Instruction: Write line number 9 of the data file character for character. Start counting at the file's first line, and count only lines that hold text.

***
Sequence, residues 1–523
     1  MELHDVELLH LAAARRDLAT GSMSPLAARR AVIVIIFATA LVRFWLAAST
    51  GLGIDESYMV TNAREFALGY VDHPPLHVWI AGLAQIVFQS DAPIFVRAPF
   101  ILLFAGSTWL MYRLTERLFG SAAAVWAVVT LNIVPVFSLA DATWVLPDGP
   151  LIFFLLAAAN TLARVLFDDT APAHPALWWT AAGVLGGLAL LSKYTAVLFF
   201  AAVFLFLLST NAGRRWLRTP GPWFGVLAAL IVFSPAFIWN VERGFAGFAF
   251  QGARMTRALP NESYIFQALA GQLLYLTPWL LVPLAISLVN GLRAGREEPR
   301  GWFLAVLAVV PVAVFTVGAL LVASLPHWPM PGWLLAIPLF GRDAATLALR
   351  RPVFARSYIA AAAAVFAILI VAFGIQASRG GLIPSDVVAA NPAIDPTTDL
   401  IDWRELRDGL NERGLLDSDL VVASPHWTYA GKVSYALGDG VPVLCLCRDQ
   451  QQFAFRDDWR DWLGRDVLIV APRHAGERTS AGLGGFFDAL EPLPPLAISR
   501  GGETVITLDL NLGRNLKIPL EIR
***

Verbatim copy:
   351  RPVFARSYIA AAAAVFAILI VAFGIQASRG GLIPSDVVAA NPAIDPTTDL